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Crash of a Rockwell Aero Commander 500 south of Burns: 2 killed

Date & Time: Aug 11, 2010 at 0855 LT
Operator:
Registration:
N500FV
Flight Phase:
Flight Type:
Survivors:
No
Schedule:
Redding - Butte
MSN:
500A-1248-73
YOM:
1962
Location:
Crew on board:
1
Crew fatalities:
Pax on board:
1
Pax fatalities:
Other fatalities:
Total fatalities:
2
Captain / Total flying hours:
1360
Aircraft flight hours:
5375
Circumstances:
The evening prior to the accident, the pilot acquired a computer generated text weather briefing. On the day of the accident, the pilot acquired another computer generated text weather briefing, and then contacted the Flight Service Station (FSS) for an interactive telephonic weather briefing. The information provided in all three briefings indicated that a flight on a direct route between the pilot's point of departure and his planned destination would take him through an area of forecast rain showers, thunderstorms, and cloud tops significantly higher than his intended en route altitude. Although the FSS briefer recommended an alternate route, for which he provided weather information, after departure the pilot flew directly toward his destination airport. While en route, the pilot, who was not instrument rated, encountered instrument meteorological conditions, within which there was an 80 percent probability of icing. After entering the area of instrument meteorological conditions, the airplane was seen exiting the bottom of an overcast cloud layer with a significant portion of its left wing missing. It then made a high velocity steep descent into the terrain. A postaccident inspection of the airplane's structure did not find any evidence of an anomaly that would contribute to the separation of the wing structure, and it is most likely that the wing section separated as a result of the airplane exceeding its structural limitations after the pilot lost control in the instrument meteorological conditions.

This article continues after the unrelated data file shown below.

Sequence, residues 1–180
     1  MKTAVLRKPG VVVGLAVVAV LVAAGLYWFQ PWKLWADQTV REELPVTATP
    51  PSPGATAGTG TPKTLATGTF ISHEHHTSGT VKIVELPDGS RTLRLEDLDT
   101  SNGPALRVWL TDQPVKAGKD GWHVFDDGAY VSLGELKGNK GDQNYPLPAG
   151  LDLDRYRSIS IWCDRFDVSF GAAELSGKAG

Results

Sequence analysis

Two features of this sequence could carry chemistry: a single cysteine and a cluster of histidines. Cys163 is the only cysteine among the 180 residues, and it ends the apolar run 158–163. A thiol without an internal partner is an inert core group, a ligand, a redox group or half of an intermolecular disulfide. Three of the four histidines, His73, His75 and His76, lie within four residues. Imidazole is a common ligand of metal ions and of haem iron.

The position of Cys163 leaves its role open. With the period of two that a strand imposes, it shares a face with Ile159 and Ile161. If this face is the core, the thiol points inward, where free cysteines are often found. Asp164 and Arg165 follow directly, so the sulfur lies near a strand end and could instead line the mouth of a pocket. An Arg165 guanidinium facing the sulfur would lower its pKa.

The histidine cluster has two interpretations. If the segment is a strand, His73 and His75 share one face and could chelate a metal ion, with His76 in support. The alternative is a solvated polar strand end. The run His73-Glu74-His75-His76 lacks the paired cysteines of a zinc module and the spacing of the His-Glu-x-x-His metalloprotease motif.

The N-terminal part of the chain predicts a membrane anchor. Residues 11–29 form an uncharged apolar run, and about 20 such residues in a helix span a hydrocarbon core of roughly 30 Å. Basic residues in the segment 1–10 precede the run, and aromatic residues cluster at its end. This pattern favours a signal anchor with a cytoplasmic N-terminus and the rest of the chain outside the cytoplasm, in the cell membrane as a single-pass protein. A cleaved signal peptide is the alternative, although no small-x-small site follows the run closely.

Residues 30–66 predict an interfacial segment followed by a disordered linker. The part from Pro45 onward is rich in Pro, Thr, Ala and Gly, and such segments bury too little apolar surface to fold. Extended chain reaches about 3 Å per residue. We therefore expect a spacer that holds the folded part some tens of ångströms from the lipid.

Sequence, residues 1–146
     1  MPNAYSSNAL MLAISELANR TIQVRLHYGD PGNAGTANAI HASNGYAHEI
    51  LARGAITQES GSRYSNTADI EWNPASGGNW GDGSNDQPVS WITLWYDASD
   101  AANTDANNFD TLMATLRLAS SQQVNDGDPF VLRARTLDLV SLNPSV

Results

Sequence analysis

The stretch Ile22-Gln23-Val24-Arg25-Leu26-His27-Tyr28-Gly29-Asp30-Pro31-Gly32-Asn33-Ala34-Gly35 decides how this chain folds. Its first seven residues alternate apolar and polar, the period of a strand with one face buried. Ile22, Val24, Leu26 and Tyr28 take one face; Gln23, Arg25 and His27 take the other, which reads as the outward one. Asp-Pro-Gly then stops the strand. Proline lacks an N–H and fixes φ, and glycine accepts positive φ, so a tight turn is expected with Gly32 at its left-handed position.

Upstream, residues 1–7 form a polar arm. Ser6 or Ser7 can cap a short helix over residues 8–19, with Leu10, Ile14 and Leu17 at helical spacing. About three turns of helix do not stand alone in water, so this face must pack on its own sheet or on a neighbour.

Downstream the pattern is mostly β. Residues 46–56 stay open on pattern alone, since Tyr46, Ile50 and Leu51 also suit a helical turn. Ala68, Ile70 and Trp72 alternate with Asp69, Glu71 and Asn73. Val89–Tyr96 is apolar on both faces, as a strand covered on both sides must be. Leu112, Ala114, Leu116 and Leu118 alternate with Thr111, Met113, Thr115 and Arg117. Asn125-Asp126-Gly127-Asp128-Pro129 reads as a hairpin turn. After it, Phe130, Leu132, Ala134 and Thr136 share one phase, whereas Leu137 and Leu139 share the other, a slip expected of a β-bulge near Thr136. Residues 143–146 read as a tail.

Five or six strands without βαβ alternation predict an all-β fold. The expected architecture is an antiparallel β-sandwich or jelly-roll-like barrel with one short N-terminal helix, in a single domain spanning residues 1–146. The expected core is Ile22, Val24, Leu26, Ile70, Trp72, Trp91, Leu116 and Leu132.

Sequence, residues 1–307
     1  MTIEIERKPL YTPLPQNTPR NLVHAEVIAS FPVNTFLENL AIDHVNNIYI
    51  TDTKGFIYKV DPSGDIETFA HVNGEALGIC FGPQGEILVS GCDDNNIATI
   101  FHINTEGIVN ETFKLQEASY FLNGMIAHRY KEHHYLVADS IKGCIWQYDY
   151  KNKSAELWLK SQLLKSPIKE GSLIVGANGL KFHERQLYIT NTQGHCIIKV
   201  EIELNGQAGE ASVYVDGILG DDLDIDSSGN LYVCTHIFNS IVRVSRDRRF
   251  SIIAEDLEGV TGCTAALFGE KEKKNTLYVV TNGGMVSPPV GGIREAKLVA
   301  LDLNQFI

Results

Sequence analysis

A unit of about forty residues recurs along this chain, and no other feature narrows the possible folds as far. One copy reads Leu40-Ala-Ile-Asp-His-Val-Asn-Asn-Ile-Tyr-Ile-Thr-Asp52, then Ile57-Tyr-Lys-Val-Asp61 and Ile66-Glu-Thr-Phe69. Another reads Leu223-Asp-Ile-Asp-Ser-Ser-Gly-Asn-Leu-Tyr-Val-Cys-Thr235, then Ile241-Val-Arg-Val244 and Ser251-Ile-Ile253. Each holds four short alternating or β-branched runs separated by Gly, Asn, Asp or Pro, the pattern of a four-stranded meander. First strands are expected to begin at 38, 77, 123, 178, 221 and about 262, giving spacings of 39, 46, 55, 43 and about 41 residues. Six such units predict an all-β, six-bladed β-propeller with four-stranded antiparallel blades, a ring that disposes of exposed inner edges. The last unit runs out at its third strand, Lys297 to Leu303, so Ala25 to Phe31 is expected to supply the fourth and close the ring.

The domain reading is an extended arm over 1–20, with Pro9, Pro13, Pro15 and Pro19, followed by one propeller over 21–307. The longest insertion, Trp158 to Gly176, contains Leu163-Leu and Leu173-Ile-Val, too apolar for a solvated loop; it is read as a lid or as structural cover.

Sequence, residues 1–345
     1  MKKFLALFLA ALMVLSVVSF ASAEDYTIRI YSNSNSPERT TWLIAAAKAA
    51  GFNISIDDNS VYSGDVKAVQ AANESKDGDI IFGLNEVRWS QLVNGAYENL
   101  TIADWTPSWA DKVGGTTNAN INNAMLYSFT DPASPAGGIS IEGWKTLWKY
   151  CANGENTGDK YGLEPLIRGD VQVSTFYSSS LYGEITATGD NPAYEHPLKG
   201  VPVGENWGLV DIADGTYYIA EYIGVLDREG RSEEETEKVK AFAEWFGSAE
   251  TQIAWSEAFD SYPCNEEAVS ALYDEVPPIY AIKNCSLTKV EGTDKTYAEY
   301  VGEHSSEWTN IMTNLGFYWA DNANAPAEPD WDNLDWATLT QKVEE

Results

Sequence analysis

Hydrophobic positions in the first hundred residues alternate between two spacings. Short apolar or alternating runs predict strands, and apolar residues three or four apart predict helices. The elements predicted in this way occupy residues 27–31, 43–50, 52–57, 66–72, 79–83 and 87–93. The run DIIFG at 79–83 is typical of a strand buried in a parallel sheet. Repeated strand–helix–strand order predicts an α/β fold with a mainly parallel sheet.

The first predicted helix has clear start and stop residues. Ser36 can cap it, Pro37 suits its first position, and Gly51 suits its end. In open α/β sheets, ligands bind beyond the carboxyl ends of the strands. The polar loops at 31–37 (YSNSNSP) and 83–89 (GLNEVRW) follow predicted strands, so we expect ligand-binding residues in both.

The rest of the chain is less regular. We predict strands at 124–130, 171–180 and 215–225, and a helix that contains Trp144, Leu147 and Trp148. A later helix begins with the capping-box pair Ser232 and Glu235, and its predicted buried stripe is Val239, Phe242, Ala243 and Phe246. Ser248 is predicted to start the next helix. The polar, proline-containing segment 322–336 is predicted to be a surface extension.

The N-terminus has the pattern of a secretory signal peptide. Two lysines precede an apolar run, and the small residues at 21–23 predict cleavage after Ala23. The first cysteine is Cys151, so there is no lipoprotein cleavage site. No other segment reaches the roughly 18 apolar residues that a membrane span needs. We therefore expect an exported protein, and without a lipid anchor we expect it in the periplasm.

Probable cause:
The non-instrument rated pilot's improper decision to continue flight into an area of known instrument meteorological conditions and his failure to maintain control of the airplane after entering those conditions.
Final Report:

Crash of a Pilatus PC-12 in Butte: 14 killed

Date & Time: Mar 22, 2009 at 1432 LT
Type of aircraft:
Registration:
N128CM
Flight Type:
Survivors:
No
Schedule:
Oroville - Bozeman
MSN:
403
YOM:
2001
Location:
Crew on board:
1
Crew fatalities:
Pax on board:
13
Pax fatalities:
Other fatalities:
Total fatalities:
14
Captain / Total flying hours:
8840
Captain / Total hours on type:
1760.00
Aircraft flight hours:
1916
Circumstances:
On March 22, 2009, about 1432 mountain daylight time, a Pilatus PC-12/45, N128CM, was diverting to Bert Mooney Airport (BTM), Butte, Montana, when it crashed about 2,100 feet west of runway 33 at BTM. The pilot and the 13 airplane passengers were fatally injured, and the airplane was substantially damaged by impact forces and a postcrash fire. The airplane was owned by Eagle Cap Leasing of Enterprise, Oregon, and was operating as a personal flight under the provisions of 14 Code of Federal Regulations Part 91. The flight departed Oroville Municipal Airport, Oroville, California, on an instrument flight rules flight plan with a destination of Gallatin Field, Bozeman, Montana. Visual meteorological conditions prevailed at the time of the accident.
Probable cause:
The National Transportation Safety Board determines that the probable cause of this accident was:
(1) the pilot’s failure to ensure that a fuel system icing inhibitor was added to the fuel before the flights on the day of the accident;
(2) his failure to take appropriate remedial actions after a low fuel pressure state (resulting from icing within the fuel system) and a lateral fuel imbalance developed, including diverting to a suitable airport before the fuel imbalance became extreme; and
(3) a loss of control while the pilot was maneuvering the left-wing-heavy airplane near the approach end of the runway.
Final Report:

Crash of a Beechcraft 99 in Butte: 2 killed

Date & Time: Mar 18, 2006 at 1455 LT
Type of aircraft:
Operator:
Registration:
N54RP
Flight Type:
Survivors:
No
Schedule:
Helena-Butte
MSN:
U-218
YOM:
1983
Flight number:
AMF2591
Location:
Crew on board:
2
Crew fatalities:
Pax fatalities:
Other fatalities:
Total fatalities:
2